by Ian Funnell
from Signs of the Times No. 60 - Jan 2016
This unauthorised but well-researched biography of the marvellous Justin Welby is a re-working of an earlier version rushed out soon after his promotion to Canterbury.
The author’s English style is a little prosaic, and if you seek the aphorisms of Oscar Wilde or A.N. Wilson you will look in vain. However, the book is never dull, and in this Atherstone is helped, of course, by the extraordinary life of his subject.
Justin Welby was born into an affluent family, and early photos show him as effortlessly patrician. He was educated at St. Peter’s Prep School in Seaford and Eton without distinguishing himself as a brilliant, or a particularly religious, student. At this time he had to cope with the break-up of his parents’ marriage and his eccentric father’s descent into alcoholism. He spent a gap year in Kenya, where he started to think seriously about Christianity, inspired by the faith of one of his fellow workers. Although his ‘A’ level results were distinctly mediocre, Justin won a place to read law at Trinity College, Cambridge (it would be churlish to point out that the Master was his great uncle, Rab Butler). At Cambridge he soon became a member of CICCU (Cambridge Inter-Collegiate Christian Union), embracing evangelical Christianity with fervour and worshipping in the holidays at Holy Trinity, Brompton.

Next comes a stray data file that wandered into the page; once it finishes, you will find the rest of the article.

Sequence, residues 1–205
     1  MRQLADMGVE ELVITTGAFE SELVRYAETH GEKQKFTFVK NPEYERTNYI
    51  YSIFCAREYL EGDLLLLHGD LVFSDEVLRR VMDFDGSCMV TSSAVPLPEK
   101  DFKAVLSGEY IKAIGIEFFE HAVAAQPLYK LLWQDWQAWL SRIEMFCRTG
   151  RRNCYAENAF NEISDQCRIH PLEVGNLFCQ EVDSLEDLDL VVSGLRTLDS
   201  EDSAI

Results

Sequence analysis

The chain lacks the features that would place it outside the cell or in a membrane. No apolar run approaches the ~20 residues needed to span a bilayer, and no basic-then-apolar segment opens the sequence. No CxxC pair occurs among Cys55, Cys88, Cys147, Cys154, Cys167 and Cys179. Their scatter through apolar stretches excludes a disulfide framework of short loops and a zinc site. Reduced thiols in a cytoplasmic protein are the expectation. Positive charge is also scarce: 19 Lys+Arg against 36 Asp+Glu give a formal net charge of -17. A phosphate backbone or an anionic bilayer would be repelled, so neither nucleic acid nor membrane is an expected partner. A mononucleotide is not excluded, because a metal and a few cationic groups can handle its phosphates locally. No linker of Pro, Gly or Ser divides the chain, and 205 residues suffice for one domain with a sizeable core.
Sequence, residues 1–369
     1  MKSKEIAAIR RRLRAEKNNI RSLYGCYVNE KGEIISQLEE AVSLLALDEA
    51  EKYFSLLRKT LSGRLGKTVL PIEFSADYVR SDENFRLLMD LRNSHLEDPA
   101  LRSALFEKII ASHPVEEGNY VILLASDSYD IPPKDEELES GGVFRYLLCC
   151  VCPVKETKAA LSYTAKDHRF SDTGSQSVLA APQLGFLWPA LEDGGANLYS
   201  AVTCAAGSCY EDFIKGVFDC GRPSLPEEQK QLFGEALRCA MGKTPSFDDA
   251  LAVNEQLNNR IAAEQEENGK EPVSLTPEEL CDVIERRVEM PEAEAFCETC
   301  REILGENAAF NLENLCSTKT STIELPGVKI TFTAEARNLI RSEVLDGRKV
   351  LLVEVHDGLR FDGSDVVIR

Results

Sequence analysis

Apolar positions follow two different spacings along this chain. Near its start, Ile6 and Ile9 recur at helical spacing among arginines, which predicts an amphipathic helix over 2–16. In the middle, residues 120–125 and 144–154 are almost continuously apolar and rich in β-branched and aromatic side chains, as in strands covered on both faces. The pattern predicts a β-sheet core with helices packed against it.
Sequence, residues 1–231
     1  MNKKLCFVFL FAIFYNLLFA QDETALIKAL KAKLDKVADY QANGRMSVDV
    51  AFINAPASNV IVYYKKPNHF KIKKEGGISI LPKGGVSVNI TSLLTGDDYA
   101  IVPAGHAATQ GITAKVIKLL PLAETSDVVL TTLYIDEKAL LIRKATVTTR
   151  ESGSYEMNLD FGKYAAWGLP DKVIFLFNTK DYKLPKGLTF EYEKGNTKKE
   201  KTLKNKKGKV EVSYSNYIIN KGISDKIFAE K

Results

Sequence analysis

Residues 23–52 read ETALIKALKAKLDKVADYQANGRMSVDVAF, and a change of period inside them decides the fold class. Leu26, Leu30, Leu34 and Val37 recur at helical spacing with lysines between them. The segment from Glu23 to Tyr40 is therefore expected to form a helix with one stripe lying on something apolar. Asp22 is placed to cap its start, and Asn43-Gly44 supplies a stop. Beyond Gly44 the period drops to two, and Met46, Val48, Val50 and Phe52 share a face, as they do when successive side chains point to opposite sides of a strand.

When he left Cambridge, Justin worked for various oil companies, soon rising through the ranks and earning a salary of £100,000 before the age of 30. However, he began to feel God was calling him to ordination, and he was ordained at the age of 36. As in his first career, he had a meteoric rise to the top, being in quick succession, rector of St James’ church, Southam, a canon of Coventry cathedral working in the ministry of reconciliation, Dean of Liverpool Cathedral and Bishop of Durham.
Justin Welby has many admirable qualities, including a humility that at every stage has meant he really would have preferred not to get the next job; a courage that has seen him twice make the last ‘I love you’ phone call to his wife Caroline as death seemed imminent in Nigeria; and a spontaneity with the press that sometimes means he has to retract, as when he promised to compete Wonga out of business, and when he suggested that where a good vicar is in charge the congregation will inevitably grow.